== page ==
“We do not deal with diagnostics or big pharma, we only deal with biotech. You will not find another IT service provider that comes from biotech, actually comes from biotech, and focuses exclusively on biotech,” he comments.

“If you’re the CEO of a biotech company and you’re looking at your IT capability and you decide that it needs to be enhanced, or it’s costing too much, or it’s not providing the level of service, and you look for an outsource service provider, the first thing that will happen is you will find it extraordinarily difficult to find one,” he points out.

Prior to working with Elan, Barrett worked for Dublin law firm McCann FitzGerald as head of IT for seven years, which he describes as an “extraordinarily interesting experience.”

“McCann FitzGerald had the vision and determination to fully leverage technology for the benefit of the firm and its clients and to look way beyond networked word processing and matter management that were the technology mainstays of law firms at the time. From a technologist’s point of view, this was an ideal environment in which to add value.”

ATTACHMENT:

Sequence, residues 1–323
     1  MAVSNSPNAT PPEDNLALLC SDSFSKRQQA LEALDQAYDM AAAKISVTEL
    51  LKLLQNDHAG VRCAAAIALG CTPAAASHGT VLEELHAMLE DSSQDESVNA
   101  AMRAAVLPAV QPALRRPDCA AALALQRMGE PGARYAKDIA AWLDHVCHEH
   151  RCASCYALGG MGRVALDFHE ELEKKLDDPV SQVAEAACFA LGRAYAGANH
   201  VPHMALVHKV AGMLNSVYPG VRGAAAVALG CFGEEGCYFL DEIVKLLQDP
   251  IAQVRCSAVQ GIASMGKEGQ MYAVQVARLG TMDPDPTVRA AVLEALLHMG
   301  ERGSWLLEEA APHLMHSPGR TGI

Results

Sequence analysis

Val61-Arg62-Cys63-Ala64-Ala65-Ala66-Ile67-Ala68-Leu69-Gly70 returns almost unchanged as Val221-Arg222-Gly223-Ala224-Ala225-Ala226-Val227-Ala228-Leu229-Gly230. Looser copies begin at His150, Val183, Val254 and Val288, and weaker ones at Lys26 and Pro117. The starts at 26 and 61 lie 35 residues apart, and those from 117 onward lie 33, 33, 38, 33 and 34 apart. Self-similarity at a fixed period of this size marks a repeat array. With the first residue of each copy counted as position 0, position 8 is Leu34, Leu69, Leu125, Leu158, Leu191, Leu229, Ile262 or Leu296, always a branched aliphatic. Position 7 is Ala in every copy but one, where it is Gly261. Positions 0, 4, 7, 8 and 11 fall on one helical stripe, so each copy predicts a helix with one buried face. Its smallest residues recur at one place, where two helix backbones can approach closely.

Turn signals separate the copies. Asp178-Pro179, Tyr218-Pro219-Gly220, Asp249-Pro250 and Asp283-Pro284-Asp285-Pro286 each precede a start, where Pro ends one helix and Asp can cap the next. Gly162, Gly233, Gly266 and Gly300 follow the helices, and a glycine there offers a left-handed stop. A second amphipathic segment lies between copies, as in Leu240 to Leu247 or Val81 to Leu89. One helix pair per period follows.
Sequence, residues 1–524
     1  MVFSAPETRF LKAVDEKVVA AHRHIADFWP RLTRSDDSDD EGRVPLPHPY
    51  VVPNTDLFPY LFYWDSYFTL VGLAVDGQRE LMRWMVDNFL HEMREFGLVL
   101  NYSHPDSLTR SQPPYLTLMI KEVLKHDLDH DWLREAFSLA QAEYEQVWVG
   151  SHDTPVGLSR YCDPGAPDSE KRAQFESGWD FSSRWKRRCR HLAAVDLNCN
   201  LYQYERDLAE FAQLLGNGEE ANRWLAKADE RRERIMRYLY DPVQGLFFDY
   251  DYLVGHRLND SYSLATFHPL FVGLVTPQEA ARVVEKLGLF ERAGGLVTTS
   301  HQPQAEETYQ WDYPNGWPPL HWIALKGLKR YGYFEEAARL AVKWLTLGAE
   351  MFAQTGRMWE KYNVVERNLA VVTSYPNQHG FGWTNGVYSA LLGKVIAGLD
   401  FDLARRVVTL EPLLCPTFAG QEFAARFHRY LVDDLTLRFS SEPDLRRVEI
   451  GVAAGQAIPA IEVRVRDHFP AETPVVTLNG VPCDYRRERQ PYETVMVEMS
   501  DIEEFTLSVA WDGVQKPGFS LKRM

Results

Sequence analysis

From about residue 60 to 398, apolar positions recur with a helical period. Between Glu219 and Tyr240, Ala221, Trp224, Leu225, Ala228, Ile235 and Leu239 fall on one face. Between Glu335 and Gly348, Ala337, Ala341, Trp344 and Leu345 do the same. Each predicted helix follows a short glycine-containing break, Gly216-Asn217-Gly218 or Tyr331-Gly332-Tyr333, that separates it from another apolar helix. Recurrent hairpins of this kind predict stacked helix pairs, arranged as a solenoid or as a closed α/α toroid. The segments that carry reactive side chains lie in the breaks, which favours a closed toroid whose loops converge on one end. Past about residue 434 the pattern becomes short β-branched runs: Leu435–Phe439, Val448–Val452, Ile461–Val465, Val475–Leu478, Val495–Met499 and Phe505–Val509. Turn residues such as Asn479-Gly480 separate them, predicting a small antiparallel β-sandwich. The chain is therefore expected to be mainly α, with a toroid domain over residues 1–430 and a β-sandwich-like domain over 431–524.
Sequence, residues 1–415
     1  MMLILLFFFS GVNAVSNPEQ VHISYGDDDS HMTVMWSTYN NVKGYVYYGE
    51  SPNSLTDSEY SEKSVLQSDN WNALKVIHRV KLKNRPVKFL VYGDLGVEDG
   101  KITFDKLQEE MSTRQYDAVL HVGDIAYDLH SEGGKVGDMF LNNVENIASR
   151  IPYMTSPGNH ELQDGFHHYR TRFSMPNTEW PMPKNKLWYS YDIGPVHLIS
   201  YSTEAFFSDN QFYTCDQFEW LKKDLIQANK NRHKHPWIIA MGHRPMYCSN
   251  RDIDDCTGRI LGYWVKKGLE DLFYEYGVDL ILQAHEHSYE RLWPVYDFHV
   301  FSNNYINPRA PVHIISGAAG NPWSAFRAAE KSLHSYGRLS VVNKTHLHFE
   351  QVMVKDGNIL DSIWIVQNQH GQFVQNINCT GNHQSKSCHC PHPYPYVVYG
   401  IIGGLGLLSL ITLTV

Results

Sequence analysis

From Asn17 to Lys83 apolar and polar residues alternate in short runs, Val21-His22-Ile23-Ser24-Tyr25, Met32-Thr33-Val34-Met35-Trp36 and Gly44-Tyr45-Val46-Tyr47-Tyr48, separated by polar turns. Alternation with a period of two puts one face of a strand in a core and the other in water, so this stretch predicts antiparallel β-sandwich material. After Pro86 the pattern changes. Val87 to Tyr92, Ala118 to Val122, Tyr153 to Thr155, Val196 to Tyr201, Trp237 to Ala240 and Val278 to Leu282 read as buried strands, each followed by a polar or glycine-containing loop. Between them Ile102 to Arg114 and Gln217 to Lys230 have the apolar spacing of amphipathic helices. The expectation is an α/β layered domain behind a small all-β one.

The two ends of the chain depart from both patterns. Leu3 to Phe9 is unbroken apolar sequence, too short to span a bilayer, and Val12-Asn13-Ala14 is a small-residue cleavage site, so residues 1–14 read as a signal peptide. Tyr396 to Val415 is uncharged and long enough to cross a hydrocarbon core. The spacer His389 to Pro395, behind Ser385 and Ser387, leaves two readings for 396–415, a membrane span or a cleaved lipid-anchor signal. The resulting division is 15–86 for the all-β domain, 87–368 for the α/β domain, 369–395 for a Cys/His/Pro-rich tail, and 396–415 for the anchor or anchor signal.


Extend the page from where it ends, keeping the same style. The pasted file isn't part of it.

In addition to its exclusive focus on biotech, Daybreak offers other unique selling points. “We’re certified to international standards and we are typically a 20% value play. Like for like, we can deliver the service for 20% less than they can do internally or that any other service provider can provide.”

“The reason for that is very simple,” he says. “We have been certified to ISO 9000 since 1997. We took all of that out of Elan; all of the processes, all of the capability. What we do has been honed and refined over the past 15 years. We are a technology solutions company but, of more importance, we improve patients’ lives, that’s not something you’re going to hear from an IT vendor.”